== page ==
Brothers Robert, 32, and Wieslaw, 27, arrived last week from Inowroclaw, in central Poland, saying they were promised full-time jobs that never materialized. They would have been left in the cold, but someone told them to go to the center, which currently houses 278 people.
"We don't have to worry anymore where we will spend the night," said Wieslaw.
"It is so cold outside that you don't want to leave here," his brother agreed.
Firefighters in Poland say that eleven people have died since Friday from asphyxiation with carbon monoxide, when they were using charcoal heaters to warm their homes.
In Ukraine, 63 people have died from the cold in the last week. Nearly 950 others were hospitalized with hypothermia and frostbite, and more than 2,000 heated tents have been set up with hot food for the homeless.
In Italy's financial capital of Milan, officials said a homeless man died from exposure Thursday.
About 180 schools were closed in Romania because of the freezing cold. Three ships were blocked on the Danube River — one German, one Dutch and one Romanian — and efforts were made to unblock them from ice.
In Bulgaria, where 16 towns recorded their lowest temperatures since records started 100 years ago, 1,070 schools across the country remained closed Thursday and large sections of the Danube were frozen, hampering navigation. Some villages in Bosnia have had no electricity for days and crews were working around-the-clock trying to fix power lines.
Temperatures in parts of Germany were as low as minus 11 Celsius (12 Fahrenheit) Thursday afternoon. In the eastern city of Magdeburg, police said a 55-year-old homeless man who apparently had frozen to death was found Thursday morning.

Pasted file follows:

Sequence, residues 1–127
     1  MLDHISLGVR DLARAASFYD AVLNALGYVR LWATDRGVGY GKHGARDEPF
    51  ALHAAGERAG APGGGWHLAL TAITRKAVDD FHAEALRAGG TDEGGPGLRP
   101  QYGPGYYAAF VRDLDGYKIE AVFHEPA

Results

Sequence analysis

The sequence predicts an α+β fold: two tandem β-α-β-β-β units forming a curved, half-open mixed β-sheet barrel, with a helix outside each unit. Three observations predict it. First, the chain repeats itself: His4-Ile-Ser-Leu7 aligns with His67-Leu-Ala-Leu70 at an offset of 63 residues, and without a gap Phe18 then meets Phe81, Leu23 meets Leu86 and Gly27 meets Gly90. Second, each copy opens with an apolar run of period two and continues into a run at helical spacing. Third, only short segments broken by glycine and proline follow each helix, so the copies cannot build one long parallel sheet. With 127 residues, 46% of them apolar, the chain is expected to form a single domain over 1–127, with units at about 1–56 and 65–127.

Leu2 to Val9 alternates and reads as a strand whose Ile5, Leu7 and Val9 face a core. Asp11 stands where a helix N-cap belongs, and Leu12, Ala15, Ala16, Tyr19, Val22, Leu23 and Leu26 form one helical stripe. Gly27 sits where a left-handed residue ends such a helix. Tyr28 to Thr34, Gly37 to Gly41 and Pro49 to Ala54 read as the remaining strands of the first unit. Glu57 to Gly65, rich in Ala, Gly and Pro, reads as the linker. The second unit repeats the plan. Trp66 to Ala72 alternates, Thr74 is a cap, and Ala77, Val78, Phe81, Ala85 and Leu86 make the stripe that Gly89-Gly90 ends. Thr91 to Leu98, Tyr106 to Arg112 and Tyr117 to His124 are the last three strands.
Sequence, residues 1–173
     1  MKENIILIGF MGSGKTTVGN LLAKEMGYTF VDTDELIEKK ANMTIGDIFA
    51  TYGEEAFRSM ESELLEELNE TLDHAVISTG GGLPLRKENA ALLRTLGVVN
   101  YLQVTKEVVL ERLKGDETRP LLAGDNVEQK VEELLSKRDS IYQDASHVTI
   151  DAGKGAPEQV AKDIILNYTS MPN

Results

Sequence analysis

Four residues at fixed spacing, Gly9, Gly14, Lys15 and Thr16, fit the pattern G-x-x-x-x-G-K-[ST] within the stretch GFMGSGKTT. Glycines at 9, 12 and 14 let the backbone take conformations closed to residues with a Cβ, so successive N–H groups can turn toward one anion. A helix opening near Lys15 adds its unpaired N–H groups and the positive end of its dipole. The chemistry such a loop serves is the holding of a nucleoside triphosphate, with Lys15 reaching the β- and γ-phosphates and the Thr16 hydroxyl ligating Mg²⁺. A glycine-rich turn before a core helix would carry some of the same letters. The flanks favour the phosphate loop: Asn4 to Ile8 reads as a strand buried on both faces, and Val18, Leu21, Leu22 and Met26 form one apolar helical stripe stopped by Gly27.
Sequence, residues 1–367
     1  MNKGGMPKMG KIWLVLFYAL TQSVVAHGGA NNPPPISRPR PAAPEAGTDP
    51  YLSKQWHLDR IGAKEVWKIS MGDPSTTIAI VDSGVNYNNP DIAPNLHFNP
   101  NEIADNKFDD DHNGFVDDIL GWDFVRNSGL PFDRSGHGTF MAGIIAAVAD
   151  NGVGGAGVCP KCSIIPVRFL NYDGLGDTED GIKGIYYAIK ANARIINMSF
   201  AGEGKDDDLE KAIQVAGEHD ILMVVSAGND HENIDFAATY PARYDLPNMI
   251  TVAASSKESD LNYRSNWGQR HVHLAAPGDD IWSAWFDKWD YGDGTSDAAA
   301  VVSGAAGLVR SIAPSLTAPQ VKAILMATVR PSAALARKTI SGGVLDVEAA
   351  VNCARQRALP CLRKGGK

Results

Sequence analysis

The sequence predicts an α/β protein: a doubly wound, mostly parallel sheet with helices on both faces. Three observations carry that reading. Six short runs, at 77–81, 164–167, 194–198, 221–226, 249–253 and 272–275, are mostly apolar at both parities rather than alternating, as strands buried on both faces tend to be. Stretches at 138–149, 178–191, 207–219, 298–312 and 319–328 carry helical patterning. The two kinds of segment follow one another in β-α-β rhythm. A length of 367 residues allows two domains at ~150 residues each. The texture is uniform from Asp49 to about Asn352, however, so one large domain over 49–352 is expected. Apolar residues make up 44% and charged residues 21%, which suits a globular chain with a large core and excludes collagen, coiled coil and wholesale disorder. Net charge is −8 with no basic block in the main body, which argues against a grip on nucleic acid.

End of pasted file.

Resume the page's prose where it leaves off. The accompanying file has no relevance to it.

While the weather has yet to cause any significant disruption in the country, ferry services across the mouth of the Elbe river in northern Germany were suspended due to ice on Thursday.
However, the cold wave wasn't causing hardship everywhere.
Dutch authorities banned boats from some of Amsterdam's canals and waterways in the hope the big freeze gripping the city would turn the still water to ice and allow residents to go skating. They also turned off mills and pumps that regulate water levels in the low-lying, flood-prone nation to improve the chances of canals freezing over.
Speed skating is a winter obsession in the Netherlands and hopes are high about the possibility of holding the Elfstedentocht — or "11 Town Tour" — skating race being staged for the first time since 1997.
The 200-kilometer (125-mile) tour route takes skaters over frozen canals and lakes linking 11 towns in the northern Netherlands. The tour, which is also a race for elite skaters, has only been staged 15 times since the first official event in 1909.
Monika Scislowska reported from Warsaw. Radul Radovanovic and Aida Cerkez in Sarajevo, Bosnia-Herzegovina, Alina Wolfe Murray in Bucharest, Romania, Veselin Toshkov in Sofia, Bulgaria, Jovana Gec in Belgrade, Serbia, Frances D'Emilio in Rome and Mike Corder in the Netherlands contributed to this report.